28 October 2010 22:44 [Source: ICIS news]
HOUSTON (ICIS)--Recent US methanol price hikes stem from low production levels in China, the top executive at global producer Methanex said on Thursday.
Methanex and Southern Chemical Corp (SCC) this week nominated a range of 129-133 cents/gal ($431-444/tonne, €315-324/tonne) for November contracts, marking the third-largest monthly increase in three years.
The higher US rates come from increasing methanol exports to China, said Bruce Aitken, Methanex chief executive, in a conference call.
"A key reason for this is that the Chinese methanol industry has continued to operate at modest rates despite increasing prices," Aitken said.
He added that Chinese prices continue to rise because of low inventory levels in the country's 250 methanol plants, partly due to the effect of emissions controls set by the government to reach greenhouse gas targets.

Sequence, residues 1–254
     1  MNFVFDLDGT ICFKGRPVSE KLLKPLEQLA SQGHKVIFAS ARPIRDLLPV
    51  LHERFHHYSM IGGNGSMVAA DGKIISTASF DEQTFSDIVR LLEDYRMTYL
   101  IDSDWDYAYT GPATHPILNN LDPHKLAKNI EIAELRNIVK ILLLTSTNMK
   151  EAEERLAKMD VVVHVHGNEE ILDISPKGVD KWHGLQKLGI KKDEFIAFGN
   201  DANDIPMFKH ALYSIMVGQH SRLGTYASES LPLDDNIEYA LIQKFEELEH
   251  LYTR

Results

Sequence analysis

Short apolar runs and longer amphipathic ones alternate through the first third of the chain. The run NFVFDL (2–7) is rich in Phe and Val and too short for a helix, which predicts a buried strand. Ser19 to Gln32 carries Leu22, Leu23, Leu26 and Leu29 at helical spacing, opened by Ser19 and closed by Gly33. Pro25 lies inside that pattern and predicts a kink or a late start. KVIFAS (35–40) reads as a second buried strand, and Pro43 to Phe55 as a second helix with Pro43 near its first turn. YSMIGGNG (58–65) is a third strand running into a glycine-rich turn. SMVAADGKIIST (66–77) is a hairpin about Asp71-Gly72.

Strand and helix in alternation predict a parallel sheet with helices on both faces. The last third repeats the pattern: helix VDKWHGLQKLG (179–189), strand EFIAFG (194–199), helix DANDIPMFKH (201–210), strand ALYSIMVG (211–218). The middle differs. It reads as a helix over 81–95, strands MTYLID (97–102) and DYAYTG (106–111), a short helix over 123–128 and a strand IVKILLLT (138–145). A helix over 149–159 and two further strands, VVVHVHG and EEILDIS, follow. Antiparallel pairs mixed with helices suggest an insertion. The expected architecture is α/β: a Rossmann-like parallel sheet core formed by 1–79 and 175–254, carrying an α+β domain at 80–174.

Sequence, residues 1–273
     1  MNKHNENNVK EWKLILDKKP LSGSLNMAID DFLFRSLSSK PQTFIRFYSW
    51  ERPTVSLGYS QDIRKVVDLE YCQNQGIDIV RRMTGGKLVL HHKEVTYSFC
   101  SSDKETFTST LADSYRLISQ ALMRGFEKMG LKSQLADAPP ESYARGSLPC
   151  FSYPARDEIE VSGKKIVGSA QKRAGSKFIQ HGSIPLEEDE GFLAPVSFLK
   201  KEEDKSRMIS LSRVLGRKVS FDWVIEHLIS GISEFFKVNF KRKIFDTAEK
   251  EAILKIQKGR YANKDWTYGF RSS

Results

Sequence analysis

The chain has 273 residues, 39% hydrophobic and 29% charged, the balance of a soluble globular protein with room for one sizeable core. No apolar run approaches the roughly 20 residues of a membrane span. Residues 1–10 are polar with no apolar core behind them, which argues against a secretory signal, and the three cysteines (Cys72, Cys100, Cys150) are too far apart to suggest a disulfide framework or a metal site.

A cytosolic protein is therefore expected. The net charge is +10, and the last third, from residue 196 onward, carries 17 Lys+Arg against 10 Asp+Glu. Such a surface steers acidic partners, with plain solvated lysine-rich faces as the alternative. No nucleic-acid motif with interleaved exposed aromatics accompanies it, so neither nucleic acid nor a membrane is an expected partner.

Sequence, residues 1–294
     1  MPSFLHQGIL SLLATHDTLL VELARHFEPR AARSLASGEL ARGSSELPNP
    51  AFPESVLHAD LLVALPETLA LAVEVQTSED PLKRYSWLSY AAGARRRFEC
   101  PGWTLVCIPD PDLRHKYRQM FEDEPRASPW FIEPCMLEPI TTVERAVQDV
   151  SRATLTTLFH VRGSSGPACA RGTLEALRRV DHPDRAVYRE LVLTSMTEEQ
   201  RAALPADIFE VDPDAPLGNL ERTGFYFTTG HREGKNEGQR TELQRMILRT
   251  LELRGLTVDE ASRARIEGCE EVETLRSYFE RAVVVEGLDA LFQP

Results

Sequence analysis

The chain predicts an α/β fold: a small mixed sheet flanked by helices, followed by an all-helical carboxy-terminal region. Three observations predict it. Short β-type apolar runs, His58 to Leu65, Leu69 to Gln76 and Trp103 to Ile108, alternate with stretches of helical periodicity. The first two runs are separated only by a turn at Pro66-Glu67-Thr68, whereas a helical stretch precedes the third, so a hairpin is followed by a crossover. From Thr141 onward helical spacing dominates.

"At the same time, methanol demand in China has continued to grow strongly and imports have stayed at high levels to satisfy this demand," Aitken added.
Also, emissions controls set by the government to reach greenhouse gas targets have impacted a number of the country's 250 methanol plants, he added.
Aitken also confirmed that Methanex buys and sells about as much methanol now as it produces, putting the ratio of its trading to production at 50:50.
"We're buying wherever we can find it today," Aitken said, adding that the company generally purchased from traders.
He would not specify on where the trading was being done except to say Methanex was not buying material in China. North American sources have speculated in the past month that Methanex was buying and selling.
Shifting his attention to South America, Aitken said he was disappointed that the lone Methanex plant running in Chile continued at a low operating rate because of problems in obtaining a steady natural gas supply for the plant.
The company's methanol units in Chile have been running significantly below capacity since Argentina started limiting cross-border supplies to the firm in 2009.
Aitken said he expected the plant to continue running at its present low rate for the next 12 months.
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